3. Yasmany Tomas
There’s been a huge amount of hype surrounding Tomas, and he’s yet to play in a single major league game. The 6′- 1″, 230 pound Cuban defect does have five seasons under his belt with the Havana Industriales, however, and scouts have been drooling while observing his workouts in the Dominican Republic. Still, the 24-year-old Tomas is coming stateside with fewer credentials than Jose Abreu, and he will easily eclipse the record $72.5 million bonus banked by Boston Red Sox center fielder Rusney Castillo.
Don’t get me wrong. Tomas has five-tool talent and is scary good. The Giants and the Yankees see him as a potential third baseman, which points to his versatility. And to witness his strength is a jaw-dropping experience. With so many teams intrigued with this kid, his signing bonus will surely soar to at least $100 million over seven years. Strangely, the Philadelphia Phillies seem to be the frontrunners to pursue Tomas, even though an investment in Cuban pitcher Miguel Angel Gonzales has yet to bear fruit. The Chicago Cubs have also been named as a “mystery” team. But to be honest, my crystal ball is a bit foggy.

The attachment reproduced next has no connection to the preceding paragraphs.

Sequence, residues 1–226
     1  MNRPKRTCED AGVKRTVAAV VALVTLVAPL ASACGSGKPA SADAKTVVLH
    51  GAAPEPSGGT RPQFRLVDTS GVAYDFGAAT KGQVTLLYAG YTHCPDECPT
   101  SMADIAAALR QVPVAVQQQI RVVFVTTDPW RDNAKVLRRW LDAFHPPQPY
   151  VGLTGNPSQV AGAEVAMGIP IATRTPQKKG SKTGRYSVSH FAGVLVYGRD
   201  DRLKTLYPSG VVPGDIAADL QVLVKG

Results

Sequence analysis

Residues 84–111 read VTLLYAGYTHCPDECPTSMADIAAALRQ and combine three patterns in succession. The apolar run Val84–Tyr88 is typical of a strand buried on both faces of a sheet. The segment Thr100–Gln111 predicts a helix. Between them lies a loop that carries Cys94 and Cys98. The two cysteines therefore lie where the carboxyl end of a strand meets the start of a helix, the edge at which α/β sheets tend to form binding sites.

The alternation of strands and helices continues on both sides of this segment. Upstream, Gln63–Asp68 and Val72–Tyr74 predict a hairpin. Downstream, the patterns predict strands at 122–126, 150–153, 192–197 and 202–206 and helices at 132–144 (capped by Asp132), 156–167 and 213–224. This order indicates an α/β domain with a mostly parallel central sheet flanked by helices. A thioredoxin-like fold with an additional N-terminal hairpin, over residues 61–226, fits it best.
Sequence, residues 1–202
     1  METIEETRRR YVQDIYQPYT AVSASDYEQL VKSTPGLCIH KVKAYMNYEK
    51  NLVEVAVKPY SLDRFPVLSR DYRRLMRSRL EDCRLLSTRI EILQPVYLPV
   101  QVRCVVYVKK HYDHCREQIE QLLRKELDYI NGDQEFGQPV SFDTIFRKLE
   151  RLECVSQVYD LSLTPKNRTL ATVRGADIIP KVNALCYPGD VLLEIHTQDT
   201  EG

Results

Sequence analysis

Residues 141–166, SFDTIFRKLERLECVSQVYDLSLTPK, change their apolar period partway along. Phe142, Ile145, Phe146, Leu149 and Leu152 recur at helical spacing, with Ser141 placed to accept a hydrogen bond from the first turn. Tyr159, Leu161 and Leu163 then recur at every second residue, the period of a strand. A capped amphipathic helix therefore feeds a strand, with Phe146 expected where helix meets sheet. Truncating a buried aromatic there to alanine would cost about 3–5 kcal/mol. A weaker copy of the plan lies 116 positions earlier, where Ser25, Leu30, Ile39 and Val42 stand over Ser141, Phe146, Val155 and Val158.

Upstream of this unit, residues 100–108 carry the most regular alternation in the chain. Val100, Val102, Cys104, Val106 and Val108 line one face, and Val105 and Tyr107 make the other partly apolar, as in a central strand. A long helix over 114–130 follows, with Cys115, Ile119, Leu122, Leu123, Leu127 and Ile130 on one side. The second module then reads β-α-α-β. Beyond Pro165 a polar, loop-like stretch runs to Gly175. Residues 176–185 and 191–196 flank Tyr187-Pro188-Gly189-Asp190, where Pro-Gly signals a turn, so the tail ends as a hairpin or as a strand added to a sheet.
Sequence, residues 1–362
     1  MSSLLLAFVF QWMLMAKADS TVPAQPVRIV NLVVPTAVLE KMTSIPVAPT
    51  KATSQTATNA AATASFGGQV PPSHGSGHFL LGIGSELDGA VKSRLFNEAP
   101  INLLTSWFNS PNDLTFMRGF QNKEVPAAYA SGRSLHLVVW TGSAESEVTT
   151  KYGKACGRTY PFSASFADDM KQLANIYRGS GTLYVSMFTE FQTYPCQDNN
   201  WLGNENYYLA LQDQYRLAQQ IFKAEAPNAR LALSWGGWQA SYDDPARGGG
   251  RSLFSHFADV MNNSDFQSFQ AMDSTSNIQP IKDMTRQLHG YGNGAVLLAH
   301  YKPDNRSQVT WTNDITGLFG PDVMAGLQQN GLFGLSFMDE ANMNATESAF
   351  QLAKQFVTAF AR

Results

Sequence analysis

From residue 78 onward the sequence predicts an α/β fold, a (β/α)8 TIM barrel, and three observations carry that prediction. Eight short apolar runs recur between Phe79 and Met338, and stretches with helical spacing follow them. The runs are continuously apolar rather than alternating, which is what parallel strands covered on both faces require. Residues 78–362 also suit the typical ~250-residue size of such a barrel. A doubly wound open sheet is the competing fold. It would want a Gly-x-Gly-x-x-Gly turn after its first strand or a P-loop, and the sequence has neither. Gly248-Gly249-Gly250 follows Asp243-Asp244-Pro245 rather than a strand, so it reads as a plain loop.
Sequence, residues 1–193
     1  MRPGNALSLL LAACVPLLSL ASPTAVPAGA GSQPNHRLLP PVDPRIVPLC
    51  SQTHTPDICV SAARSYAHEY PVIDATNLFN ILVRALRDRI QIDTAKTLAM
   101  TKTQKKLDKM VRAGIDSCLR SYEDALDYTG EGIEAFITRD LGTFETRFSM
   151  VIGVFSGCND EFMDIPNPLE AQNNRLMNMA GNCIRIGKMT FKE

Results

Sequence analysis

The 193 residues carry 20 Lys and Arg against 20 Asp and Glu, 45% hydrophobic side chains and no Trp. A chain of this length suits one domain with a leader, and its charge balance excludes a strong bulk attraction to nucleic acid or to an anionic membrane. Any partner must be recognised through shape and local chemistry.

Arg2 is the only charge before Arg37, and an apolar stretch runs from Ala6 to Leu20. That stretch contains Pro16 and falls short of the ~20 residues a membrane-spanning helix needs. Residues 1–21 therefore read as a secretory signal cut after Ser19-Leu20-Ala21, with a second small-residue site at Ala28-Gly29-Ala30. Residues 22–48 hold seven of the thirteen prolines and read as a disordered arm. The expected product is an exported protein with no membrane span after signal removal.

2. Pablo Sandoval
Although his play has always been solid during the regular season, Sandoval is best known for clutching up in October. The Panda’s .279/.324/.415 slash line last season was just a tick above average, and the power numbers have steadily declined over the years. But in his defense, the switch-hitting third baseman has always been reliable run producer who drives the ball to all fields. Defensively, Sandoval is sure-handed and athletic, and the leadership skills have always been impressive.